So, about eight weeks ago, with a heavy heart, I took Rocky, my beloved lug of a cat, to the vet. Based on symptoms shared over the phone, the vet thought he might be experiencing kidney failure, and I got a nearly immediate appointment at a very busy veterinary practice.
The diagnosis was not kidney failure. The diagnosis was feline diabetes. And I’m writing this post for anyone who might receive a similar diagnosis for his/her pet and, like I did, freak out a bit and start googling for more info.
MOST IMPORTANT THING: Do not freak out. It will be okay.
When I first heard the diagnosis, I cried. Yes, of course, I cried because I was sad he was sick, and I cried from the relief of knowing that I didn’t have to make the toughest decision you make about a pet. But, real-life honesty? I also cried because I wasn’t sure how I was going to be able to care for a pet with a chronic illness. The added expenses and the idea of giving shots twice a day (every day of my life for the next 5-10 years) was overwhelming. I cried because I was ashamed that his illness was my fault. And, hardest to admit but true, I cried for being the kind of horrible human being who thought for a moment that it might have been easier if it had been kidney failure.
I want you to know that was a very silly thing to think. So, do not freak out. You can do this.
Here’s what you need to know (and/or this is how it went with my vet; you should follow your own vet’s advice):
- Not that long ago, a cat diagnosed with diabetes was put to sleep, but that is no longer the case. Feline diabetes is very treatable.
- Some people might act as if you’re crazy for deciding to keep a pet with a chronic illness. Avoid that sort of person while you’re in the freaking out stage.
- Remission can occur. It’s not a given, but it can happen.
- Treating feline diabetes is not cheap, but it’s more manageable than it might at first seem.
- The initial visit with tests needed for diagnosis was about $400.
- A bottle of insulin is $125, but, the dosage for a cat is so small, that bottle might last two months. Or longer.
- Syringes are about $30 for a month’s supply.
- Glucose checks are about $30 each. (And you’ll have to go weekly for a bit.)
- The cat will need a high-protein, low-carb food. (The nice folks at PetCo helped me pick out Wellness Core.)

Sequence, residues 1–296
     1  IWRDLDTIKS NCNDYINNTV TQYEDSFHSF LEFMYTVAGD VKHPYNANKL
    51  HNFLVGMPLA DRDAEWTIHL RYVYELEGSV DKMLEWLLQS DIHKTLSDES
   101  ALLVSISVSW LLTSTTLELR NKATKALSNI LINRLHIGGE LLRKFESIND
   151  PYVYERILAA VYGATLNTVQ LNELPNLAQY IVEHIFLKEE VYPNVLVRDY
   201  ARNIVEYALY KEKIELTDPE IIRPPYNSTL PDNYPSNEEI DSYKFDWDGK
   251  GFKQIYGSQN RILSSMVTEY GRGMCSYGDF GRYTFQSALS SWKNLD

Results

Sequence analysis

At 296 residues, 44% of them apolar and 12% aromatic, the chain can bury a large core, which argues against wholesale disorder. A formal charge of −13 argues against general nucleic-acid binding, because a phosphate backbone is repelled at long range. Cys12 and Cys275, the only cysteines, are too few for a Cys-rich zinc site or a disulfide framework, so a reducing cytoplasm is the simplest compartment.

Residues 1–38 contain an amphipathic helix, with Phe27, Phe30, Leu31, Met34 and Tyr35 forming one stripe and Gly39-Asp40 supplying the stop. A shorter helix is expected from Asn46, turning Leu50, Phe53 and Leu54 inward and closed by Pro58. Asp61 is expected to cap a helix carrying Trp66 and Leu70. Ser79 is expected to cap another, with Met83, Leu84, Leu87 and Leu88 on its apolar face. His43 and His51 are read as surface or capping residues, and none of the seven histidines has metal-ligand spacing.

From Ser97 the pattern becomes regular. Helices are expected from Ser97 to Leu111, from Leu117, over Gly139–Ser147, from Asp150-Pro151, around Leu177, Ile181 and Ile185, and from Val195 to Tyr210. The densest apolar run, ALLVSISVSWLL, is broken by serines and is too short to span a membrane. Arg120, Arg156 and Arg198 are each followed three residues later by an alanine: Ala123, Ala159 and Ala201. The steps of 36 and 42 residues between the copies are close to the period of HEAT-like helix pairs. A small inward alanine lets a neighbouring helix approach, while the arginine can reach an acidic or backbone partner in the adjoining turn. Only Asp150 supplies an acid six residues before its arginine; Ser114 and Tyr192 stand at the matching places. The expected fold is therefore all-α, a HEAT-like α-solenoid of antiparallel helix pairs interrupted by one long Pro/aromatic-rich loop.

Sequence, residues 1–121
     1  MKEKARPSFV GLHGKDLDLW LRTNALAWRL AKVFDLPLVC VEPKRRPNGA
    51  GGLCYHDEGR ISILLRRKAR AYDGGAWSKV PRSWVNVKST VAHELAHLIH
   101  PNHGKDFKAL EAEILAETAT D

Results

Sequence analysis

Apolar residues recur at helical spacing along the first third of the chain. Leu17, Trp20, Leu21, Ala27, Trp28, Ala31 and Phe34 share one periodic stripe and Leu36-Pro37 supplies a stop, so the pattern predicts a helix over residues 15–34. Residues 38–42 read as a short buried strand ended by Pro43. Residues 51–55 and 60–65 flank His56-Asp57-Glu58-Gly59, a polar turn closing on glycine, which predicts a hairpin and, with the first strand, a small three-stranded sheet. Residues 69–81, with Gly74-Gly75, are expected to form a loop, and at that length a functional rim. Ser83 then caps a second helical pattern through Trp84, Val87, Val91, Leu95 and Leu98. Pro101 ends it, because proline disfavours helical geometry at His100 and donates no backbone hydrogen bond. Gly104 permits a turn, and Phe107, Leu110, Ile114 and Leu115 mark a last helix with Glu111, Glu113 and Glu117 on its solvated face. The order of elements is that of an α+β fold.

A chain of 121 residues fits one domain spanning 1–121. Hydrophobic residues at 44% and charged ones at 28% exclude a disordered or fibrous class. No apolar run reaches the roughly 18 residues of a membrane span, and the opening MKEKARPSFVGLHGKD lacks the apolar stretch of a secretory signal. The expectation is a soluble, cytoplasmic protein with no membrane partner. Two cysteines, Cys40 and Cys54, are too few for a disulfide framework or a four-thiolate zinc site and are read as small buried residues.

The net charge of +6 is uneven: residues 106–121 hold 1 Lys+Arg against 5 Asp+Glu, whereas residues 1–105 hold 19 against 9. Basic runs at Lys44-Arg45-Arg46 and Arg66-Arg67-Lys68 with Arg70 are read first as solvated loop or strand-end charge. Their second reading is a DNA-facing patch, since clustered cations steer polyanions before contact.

- You’ll give your cat a practice injection before going home. It will seem preposterous. You can do it.
- Giving the shots at home will also seem preposterous for a while. But, trust me, it becomes easy. (Way easier than wrestling a pill into this guy’s mouth, I can tell you.)
In under two weeks, the main symptoms (excessive drinking and urinating) had completely disappeared. Since then, Rocky lost weight and the quality and softness of his coat improved. Today, I took him to the vet (Always Compassionate Vet Care in the South Hills, a truly wonderful life preserver) for another glucose check. There was good news and bad news.
The bad news: We have to go back again in a week for another check because his glucose numbers are still too low.
The good news: She thinks his glucose isn’t regulating correctly because he’s going into remission.
Good boy, Rocky. Good boy!
That would be the best possible news, and I am happily goosebumped at the possibility. But, here’s the important bit: Even if that is not the case, it’s okay.
I’m two months into this now. Giving the shots is nothing more than part of the feeding routine. I’ve had to begin setting an alarm seven days a week to get the timing right, but that hasn’t been as awful as I thought it might be. I’m less nervous about remembering everything. I’m less clumsy with the syringe. Haven’t stabbed myself in weeks. I missed a shot one day because of a client meeting, and the world did not end. Even wrangling Rocky into a carrier for vet visits has become (nearly) routine.
Remission would be absolutely awesome. But, if that’s not the case, I won’t freak out.
Some years ago, I came home from a yard sale with four large Ziploc bags filled with matchbooks which then sat in my garage, untouched ever since, except for the occasional forage when someone needed a light or the power went out.
And all those times I made flambé.
This past week, working on a layout for a client who doesn’t have budget for stock art, I thought of the matches for a graphic idea. I squirmed the bags out of a dark corner of the garage and dumped them out on the floor of my office for a little in-house photo shoot.
I hoped to be able to create an interesting, colorful, free image. But I got a bit more out of those bags than just that. I got to see some vintage design, and I got a lovely rush of nostalgia—that quirky cool you can sense in old things.
And I got a glimpse.
I ended up sprawled on the floor for a lot longer than expected, captivated by a completely unexpected feeling that I was flipping through another person’s scrapbook.
I don’t know exactly who these matchbooks belonged to, but he was from the Pittsburgh area, served in the military, traveled a bit. He was a grown-up in the 50s and 60s and still alive in the 80s.
I imagine he was a good-natured, occasionally gruff old bird who served in the Navy, WWII or maybe Korea. He visited Tokyo, Waikiki, and many other cities, came home, got a job, quietly raised a family. Maybe he was in sales. His wife worked at a department store when the kids were older. They went out to dinner on special occasions and loaded the family into a station wagon to go on driving vacations. Friends would bring him a matchbook when they traveled, too. He had a big laugh and a paneled den. His granddaughter went against current custom and had matches at her wedding reception, just for him. He got a big kick out of that. It was one of the last matchbooks he added to his collection.